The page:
• Alex Hershaft, in People Promoting and People Opposing Animal Rights: In Their Own Words, ed. John M. Kistler (Westport, CT: Greenwood Press, 2002), p. 147.
  • If they [animals] were capable of formulating a religion, they might differ considerably as to the shape of the beneficent Creator, but they would nearly all agree that the Devil must be very like a big white man. For we have always treated our poor relations in fur and feathers as if they had no rights at all. We have not only enslaved them, and killed and eaten them, but we have made it one of our chief pleasures to take away their lives, and not infrequently we have tortured them. Our ancestors sinned in ignorance; they were taught (as I deeply regret to say one great Christian Church still teaches) that the world, with all that it contains, was made for man, and that the lower orders of creation have no claims whatever upon us. But we have no longer the excuse of saying that we do not know; we do know that organic life on this planet is all woven of one stuff, and that if we are children of our Heavenly Father, it must be true, as Christ told us, that no sparrow falls to the ground without His care. The new knowledge has revolutionised our ideas of our relations to the other living creatures who share the world with us, and it is our duty to consider seriously what this knowledge should mean for us in matters of conduct.
  • The free movement of the moral impulse to establish justice for animals generally and the claim of their rights from mankind are hidden in a natural psychic sensibility in the deeper layers of the Torah. In the ancient value system of humanity … the moral sense had risen to a point of demanding justice for animals. … Just as the democratic aspiration will reach outward through the general intellectual and moral perfection … so will the hidden yearning to act justly towards animals emerge at the proper time.
    • Rabbi Abraham Isaac Kook, "Fragments of Light: A View as to the Reasons for the Commandments," in The Lights of Penitence, The Moral Principles, Lights of Holiness, Essays, Letters, and Poems, trans. Ben Zion Bokser (New York: Paulist Press, 1978), p. 317-318.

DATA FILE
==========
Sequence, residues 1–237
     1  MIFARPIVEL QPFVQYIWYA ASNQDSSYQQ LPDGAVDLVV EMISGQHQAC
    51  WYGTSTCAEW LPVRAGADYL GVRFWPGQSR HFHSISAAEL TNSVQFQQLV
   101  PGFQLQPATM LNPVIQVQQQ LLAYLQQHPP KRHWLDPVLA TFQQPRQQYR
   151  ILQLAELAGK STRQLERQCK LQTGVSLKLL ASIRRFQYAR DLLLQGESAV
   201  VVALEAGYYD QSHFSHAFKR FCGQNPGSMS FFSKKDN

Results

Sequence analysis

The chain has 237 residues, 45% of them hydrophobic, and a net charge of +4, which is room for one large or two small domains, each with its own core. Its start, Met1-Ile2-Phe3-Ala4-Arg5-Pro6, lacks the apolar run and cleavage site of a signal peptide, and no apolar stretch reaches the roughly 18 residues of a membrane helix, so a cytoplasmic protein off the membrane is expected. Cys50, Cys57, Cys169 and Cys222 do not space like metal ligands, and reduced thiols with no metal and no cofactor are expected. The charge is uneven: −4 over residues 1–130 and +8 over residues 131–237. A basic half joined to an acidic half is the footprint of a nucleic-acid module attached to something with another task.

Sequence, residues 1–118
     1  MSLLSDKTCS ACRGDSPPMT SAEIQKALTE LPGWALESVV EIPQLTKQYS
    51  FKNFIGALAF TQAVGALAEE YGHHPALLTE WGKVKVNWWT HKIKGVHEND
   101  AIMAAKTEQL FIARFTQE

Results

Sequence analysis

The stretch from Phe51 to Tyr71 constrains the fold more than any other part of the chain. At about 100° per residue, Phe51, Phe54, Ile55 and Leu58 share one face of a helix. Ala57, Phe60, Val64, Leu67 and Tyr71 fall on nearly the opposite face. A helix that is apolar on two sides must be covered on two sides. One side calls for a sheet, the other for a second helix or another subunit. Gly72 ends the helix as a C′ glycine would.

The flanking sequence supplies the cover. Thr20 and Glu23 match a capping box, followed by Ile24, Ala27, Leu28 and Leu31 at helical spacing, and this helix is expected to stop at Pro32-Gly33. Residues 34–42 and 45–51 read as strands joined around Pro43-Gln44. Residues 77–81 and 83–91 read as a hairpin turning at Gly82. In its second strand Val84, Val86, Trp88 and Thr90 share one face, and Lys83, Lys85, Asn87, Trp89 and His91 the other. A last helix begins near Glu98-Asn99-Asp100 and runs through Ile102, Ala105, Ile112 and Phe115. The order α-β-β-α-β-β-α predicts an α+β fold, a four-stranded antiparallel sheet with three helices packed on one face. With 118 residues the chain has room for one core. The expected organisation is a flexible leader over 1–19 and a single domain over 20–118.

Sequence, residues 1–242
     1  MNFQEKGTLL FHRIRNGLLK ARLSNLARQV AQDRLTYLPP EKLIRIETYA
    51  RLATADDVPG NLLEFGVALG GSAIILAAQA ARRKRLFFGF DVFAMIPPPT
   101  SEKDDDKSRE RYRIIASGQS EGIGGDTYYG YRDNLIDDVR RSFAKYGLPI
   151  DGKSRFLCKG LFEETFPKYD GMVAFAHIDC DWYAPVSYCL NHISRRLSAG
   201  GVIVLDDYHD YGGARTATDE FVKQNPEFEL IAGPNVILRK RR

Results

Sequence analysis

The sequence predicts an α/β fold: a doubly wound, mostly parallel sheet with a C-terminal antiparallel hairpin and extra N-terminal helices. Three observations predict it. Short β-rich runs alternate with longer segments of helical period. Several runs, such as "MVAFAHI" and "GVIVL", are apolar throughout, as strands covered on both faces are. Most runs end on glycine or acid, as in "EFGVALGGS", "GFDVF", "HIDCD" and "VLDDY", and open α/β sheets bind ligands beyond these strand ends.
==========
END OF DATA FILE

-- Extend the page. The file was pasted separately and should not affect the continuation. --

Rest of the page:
• At one level, this movement on behalf of oppressed farm animals is emotional … Yet the movement is also the product of a deep intellectual ferment pioneered by the Princeton scholar Peter Singer. … This idea popularized by Professor Singer — that we have ethical obligations that transcend our species — is one whose time appears to have come. … What we’re seeing now is an interesting moral moment: a grass-roots effort by members of one species to promote the welfare of others. … animal rights are now firmly on the mainstream ethical agenda.
  • The custom of tormenting and killing of beasts will, by degrees, harden their minds even towards men.
    • John Locke, Some Thoughts Concerning Education (1693)
  • All breathing, existing, living, sentient creatures should not be slain, nor treated with violence, nor abused, nor tormented, nor driven away.
    • Mahavira, Ācharanga Sutra, Book 1, lecture 4, lesson 1, as translated by H. Jacobi, quoted in The Boundless Circle : Caring for Creatures and Creation (1996) by Michael W. Fox, p. 262.
  • What right do we have to claim, as some might, that human beings are the only inhabitants of our planet blessed with an actual ability to be "aware"? [...] The impression of a "conscious presence" is indeed very strong with me when I look at a dog or a cat or, especially, when an ape or monkey at the zoo looks at me. I do not ask that they are "self-aware" in any strong sense (though I would guess that an element of self-awareness can be present). All I ask is that they sometimes simply feel!
  • A righteous man regardeth the life of his beast: but the tender mercies of the wicked are cruel.
    • Proverbs 12:10, King James Version
  • In consequence of the sensibility with which they are endowed, they ought to partake of natural right; so that mankind is subjected to a kind of obligation even toward the brutes. It appears, in fact, that if I am bound to do no injury to my fellow-creatures, this is less because they are rational than because they are sentient beings: and this quality, being common both to men and beasts, ought to entitle the latter at least to the privilege of not being wantonly ill-treated by the former.
  • If "rights" exist at all—and both feeling and usage indubitably prove that they do exist—they cannot be consistently awarded to men and denied to animals, since the same sense of justice and compassion apply in both cases.
  • The charge of "sentimentalism" is frequently brought against those who plead for animals' rights. Now "sentimentalism," if any meaning at all can be attached to the word, must signify an inequality, an ill balance of sentiment, an inconsistency which leads men into attacking one abuse, while they ignore or condone another where a reform is equally desirable. That this weakness is often observable among "philanthropists" on the one hand, and "friends of animals" on the other, and most of all among those acute "men of the world," whose regard is only for themselves, I am not concerned to deny; what I wish to point out is, that the only real safeguard against sentimentality is to take up a consistent position towards the rights of men and of the lower animals alike, and to cultivate a broad sense of universal justice (not "mercy") for all living things. Herein, and herein alone, is to be sought the true sanity of temperament.